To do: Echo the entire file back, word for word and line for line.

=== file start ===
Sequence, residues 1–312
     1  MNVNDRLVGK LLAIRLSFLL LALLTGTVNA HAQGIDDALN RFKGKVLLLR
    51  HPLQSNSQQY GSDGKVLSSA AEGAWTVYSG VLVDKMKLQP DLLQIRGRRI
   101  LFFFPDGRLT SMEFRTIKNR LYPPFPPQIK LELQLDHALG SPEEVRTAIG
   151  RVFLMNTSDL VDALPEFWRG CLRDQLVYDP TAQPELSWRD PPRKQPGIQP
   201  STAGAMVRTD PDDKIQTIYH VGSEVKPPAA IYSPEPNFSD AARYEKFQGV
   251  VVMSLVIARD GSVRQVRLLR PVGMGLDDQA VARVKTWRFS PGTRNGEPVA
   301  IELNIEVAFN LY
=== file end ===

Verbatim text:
Sequence, residues 1–312
     1  MNVNDRLVGK LLAIRLSFLL LALLTGTVNA HAQGIDDALN RFKGKVLLLR
    51  HPLQSNSQQY GSDGKVLSSA AEGAWTVYSG VLVDKMKLQP DLLQIRGRRI
   101  LFFFPDGRLT SMEFRTIKNR LYPPFPPQIK LELQLDHALG SPEEVRTAIG
   151  RVFLMNTSDL VDALPEFWRG CLRDQLVYDP TAQPELSWRD PPRKQPGIQP
   201  STAGAMVRTD PDDKIQTIYH VGSEVKPPAA IYSPEPNFSD AARYEKFQGV
   251  VVMSLVIARD GSVRQVRLLR PVGMGLDDQA VARVKTWRFS PGTRNGEPVA
   301  IELNIEVAFN LY